Economic activity following the Gulf War in 1991 moved forward without marked improvement in employment, giving rise to the term “jobless recovery”. So far, employment growth in 2003 seems stuck, leading one to surmise that the next recovery, whether already afoot or to occur in the future, might also be a “jobless recovery”. U.S. employment in May remained essentially unchanged. Nevada employment levels performed slightly better, up 1.3 percent in April from year-ago levels.
Las Vegas Metro (Clark County) has seen a 1.5 percent growth rate over the same period. Reno (Washoe County), though showing a recent step-up in the employment rate, stands 0.7 percent above year-ago levels.
During the April Iraqi War, a number of tourism-based indicators turned downward. Visitor Volume, Passenger Volume and Gaming Revenue each took a hit for Nevada and its urban areas. Though geopolitical risks remain, a rebound is expected. This rebound, however, will likely be constrained by the weakness in the U.S. economy. Even without a stronger U.S. growth rate, the Silver State’s economy will grow, but at more modest rates than historical averages.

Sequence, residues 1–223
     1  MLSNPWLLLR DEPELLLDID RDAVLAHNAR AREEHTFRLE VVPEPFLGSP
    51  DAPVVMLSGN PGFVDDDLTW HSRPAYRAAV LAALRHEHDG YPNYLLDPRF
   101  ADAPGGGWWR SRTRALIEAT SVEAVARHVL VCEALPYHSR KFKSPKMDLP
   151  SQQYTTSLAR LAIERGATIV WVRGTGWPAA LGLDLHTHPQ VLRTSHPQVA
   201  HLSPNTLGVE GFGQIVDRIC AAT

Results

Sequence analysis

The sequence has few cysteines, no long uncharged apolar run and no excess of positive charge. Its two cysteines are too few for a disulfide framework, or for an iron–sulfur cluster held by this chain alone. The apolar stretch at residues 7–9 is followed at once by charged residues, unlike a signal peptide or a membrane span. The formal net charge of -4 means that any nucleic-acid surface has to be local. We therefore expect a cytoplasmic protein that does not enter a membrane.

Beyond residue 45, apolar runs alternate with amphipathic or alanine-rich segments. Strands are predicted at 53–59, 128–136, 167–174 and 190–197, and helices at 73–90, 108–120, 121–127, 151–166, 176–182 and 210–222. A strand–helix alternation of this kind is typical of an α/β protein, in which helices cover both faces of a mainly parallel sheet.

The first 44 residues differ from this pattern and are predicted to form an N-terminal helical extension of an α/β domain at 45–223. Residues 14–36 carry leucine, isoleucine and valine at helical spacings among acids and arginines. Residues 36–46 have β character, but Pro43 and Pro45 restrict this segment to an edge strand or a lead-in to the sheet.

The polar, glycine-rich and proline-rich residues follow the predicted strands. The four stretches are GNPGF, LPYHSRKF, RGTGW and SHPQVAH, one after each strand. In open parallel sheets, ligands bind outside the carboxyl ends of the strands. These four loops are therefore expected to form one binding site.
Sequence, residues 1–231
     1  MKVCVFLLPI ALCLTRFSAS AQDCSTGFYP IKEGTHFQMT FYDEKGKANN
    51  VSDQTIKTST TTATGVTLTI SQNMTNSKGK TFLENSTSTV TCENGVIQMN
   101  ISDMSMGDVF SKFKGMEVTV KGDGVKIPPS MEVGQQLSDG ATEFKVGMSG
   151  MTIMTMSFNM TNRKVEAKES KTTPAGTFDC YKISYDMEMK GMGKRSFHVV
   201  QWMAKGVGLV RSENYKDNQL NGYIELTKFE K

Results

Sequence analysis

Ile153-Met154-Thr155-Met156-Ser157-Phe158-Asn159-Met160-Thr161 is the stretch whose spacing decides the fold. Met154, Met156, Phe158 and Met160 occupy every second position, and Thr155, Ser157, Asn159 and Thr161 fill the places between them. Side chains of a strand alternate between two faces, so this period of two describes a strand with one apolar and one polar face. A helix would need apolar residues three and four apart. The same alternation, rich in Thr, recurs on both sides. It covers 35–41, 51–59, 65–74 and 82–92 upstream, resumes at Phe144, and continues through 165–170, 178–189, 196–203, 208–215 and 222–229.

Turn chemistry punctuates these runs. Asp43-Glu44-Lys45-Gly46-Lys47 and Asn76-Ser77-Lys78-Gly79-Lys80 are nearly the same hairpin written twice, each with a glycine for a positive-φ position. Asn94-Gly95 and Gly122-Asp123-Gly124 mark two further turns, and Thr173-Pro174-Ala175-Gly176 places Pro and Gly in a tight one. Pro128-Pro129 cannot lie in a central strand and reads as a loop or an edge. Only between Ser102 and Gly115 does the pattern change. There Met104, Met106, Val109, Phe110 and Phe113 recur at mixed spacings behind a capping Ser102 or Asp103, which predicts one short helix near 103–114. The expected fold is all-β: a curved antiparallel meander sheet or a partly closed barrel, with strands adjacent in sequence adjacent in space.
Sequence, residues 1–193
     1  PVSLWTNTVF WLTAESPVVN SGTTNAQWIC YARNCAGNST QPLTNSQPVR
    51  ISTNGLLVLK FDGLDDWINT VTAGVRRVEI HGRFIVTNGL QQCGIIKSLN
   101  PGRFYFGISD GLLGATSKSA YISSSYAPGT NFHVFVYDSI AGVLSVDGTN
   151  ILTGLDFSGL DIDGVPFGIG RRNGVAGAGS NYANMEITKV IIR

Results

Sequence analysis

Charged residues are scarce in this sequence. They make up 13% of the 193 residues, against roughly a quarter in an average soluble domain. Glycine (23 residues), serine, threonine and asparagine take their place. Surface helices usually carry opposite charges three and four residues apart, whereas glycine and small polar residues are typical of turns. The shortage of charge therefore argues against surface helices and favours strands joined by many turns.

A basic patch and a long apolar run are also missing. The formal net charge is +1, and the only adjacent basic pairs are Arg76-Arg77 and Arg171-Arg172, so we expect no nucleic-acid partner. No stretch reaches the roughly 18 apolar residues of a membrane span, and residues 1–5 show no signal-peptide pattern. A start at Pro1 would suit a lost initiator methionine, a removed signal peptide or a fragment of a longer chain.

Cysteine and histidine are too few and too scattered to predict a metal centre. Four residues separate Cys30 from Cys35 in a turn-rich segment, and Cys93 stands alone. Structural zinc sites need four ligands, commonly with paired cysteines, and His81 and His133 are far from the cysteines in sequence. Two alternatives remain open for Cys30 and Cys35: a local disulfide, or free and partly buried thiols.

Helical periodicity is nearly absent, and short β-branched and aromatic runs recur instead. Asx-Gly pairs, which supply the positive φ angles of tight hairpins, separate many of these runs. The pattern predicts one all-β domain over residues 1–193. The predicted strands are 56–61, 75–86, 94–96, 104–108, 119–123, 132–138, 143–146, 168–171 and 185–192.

Looking back, we can conclude that Nevada’s economy has performed better than the national economy or other states with major resort destinations. Looking to the near future, Nevada continues to attract new residents, reflecting job opportunities, desirable community amenities and profitable business opportunities. With favorable interest rates and continued in-migration, expenditures will fuel growth. Over the longer view, however, future economic prosperity will depend on creating jobs and economic activity associated with sales outside the Silver State, what is referred to as the export base.
Nevada, having developed its export base around tourism and mining, will increasingly need to recreate itself with new products and services. Competition from other states and nations will sap the state’s vitality, to be sure. Meeting this challenge calls for Nevada to create its own new products, new services, new technologies and new ways of doing business, and to rely on trade for the rest.